6. Related party loans. — Interest income on Form 1040 was again reported from related party loans made to some of Mr. Trump's children (i.e., Ivanka Trump, Donald Trump Jr., and Eric Trump), in the amount of approximately $51,000 in both 2017 and 2018, raising the question of whether the loans were bona fide arm's length transactions, or whether the transfers were disguised gifts that could trigger gift tax and a disallowance of interest deductions by the related borrowers.

7. Validity of sole proprietorship activities. — A number of Schedule Cs either had no gross income (i.e., only expenses), or gross income and expenses that entirely (or almost entirely) offset, raising the question of whether these were valid trade or business activities, or whether these Schedules contained costs derived from personal activities or hobbies.72 For example, the 2017 Schedule C for DJT Aerospace LLC (aviation) reported gross income of $42,965 and total expenses of $42,965, the second consecutive year this business showed an equal amount of gross income and expense.73 In 2018, of the five Schedule Cs, three reported only expenses (no gross income), and two reported losses. For example, the 2018 Schedule C for Donald J. Trump (management services) reported no gross income, just taxes and licenses expense of $38,764. Similarly, the 2018 Schedule C for DJT Endeavor I (aviation) reported gross income of $38,392 and expenses of $312,773, for a net loss of $274,381. Audits of closely-held entities often find personal expenditures being improperly deducted as business expenses.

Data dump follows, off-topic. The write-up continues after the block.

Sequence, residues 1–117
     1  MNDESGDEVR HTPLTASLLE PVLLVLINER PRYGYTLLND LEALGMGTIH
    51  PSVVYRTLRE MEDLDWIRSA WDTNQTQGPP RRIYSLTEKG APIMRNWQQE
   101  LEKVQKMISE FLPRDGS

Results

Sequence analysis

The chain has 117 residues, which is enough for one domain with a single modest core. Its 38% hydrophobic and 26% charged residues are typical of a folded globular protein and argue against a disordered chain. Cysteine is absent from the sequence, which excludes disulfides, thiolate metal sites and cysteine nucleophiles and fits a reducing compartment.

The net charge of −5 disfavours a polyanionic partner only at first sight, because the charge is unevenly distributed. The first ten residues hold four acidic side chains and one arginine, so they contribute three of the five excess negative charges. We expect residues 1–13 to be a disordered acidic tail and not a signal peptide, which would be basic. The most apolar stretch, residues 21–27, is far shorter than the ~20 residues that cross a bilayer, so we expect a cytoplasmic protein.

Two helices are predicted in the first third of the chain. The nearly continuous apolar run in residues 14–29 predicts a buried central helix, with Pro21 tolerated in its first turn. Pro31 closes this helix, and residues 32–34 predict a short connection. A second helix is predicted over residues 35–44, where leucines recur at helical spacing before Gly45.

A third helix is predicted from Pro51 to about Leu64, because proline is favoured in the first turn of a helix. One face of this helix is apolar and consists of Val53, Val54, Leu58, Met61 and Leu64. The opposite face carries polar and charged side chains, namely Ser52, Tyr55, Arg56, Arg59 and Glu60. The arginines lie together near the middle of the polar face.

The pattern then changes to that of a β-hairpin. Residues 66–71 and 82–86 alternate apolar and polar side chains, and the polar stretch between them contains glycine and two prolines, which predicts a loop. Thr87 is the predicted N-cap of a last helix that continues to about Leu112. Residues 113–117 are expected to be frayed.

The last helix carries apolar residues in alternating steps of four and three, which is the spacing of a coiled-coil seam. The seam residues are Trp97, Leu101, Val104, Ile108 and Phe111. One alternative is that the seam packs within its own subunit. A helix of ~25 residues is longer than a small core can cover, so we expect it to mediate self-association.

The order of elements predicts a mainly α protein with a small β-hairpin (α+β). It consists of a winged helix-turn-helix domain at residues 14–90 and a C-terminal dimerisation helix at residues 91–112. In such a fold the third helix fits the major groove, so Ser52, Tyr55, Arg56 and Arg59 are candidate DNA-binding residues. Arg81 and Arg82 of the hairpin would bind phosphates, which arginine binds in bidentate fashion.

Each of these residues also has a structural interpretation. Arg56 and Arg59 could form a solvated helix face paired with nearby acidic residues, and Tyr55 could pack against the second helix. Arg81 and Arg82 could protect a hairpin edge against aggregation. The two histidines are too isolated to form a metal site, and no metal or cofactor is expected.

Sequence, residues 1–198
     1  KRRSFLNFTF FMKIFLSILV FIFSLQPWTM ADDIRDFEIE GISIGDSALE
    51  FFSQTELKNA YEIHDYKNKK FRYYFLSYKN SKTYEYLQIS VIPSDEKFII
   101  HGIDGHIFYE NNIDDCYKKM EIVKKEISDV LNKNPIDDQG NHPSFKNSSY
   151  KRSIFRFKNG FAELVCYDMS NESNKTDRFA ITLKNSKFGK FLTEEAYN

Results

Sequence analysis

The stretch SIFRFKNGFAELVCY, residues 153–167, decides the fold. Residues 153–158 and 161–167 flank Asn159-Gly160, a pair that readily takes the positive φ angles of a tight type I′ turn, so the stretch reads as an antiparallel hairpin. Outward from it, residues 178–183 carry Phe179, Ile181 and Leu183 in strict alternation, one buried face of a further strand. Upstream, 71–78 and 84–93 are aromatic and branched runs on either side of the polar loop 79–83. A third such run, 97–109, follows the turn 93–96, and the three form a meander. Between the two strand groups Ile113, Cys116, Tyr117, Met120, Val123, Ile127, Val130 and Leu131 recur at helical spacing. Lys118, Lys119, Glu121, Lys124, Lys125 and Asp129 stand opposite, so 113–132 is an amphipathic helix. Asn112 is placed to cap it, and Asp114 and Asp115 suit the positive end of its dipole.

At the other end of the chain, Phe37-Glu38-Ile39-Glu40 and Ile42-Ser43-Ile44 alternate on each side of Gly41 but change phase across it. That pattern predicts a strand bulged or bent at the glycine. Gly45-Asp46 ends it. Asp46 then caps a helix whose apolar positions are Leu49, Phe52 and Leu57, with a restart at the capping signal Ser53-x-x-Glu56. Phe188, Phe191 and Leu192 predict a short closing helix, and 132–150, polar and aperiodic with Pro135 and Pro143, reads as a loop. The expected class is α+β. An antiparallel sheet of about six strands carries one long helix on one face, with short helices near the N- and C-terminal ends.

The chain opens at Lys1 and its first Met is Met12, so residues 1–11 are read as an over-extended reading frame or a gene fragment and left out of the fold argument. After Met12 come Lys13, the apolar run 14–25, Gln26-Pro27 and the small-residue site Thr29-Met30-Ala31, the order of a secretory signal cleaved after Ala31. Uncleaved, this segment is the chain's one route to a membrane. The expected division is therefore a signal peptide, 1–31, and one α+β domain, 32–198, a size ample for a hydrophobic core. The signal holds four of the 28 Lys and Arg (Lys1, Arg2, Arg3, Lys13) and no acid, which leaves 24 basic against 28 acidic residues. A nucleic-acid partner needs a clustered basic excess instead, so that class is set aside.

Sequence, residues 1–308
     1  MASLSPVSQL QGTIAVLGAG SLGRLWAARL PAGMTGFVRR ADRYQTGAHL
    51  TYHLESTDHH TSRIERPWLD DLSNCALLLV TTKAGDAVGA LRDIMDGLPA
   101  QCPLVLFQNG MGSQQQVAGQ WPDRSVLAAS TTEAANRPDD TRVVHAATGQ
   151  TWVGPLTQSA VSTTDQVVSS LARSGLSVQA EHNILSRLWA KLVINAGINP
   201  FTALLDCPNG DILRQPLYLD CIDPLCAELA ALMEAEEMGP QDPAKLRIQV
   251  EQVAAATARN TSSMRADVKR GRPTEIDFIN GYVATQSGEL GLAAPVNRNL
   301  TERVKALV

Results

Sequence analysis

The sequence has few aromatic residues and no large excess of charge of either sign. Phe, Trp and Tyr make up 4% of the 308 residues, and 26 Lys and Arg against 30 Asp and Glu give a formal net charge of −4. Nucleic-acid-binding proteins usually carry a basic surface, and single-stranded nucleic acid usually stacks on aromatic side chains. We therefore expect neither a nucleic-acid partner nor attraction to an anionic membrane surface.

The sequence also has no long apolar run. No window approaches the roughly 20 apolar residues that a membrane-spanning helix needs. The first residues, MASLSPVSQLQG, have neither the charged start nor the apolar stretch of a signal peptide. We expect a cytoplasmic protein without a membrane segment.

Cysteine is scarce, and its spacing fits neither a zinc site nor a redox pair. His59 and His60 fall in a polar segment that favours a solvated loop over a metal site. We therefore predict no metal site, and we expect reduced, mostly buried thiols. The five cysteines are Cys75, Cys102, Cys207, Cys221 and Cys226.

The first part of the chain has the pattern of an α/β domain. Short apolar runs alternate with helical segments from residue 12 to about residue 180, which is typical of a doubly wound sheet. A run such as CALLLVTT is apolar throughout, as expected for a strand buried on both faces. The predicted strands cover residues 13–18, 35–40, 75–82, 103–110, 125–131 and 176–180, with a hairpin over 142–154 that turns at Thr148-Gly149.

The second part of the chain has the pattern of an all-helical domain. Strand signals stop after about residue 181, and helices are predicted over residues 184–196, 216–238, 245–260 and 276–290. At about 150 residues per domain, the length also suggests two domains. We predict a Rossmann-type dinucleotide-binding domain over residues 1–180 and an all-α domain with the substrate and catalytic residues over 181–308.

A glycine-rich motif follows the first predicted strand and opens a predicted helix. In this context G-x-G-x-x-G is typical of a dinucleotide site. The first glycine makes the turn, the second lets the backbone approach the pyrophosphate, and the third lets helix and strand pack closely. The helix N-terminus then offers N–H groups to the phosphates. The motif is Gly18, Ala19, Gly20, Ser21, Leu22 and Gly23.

8. Passive versus nonpassive flow-through income and losses. — It should be determined whether the Schedule E losses from partnerships and S corporations reported on the Form 1040s were passive or active losses, which could change the amount of ordinary loss allowed for each year.74 The more than 400 pass-through entities flowing through to the Form 1040s reported total passive and nonpassive income of $80.64 million and $75.04 million for 2017 and 2018, respectively, and total passive and nonpassive losses allowed (including section 179 expenses) of $97.9 million and $87.2 million for 2017 and 2018, respectively, resulting in a net ordinary loss from partnerships and S corporations of $17.3 million and $12.2 million for 2017 and 2018, respectively. It should also be determined whether Mr. Trump had sufficient basis in the entities reporting losses and was sufficiently at risk with respect to such entities to be able to claim the losses.75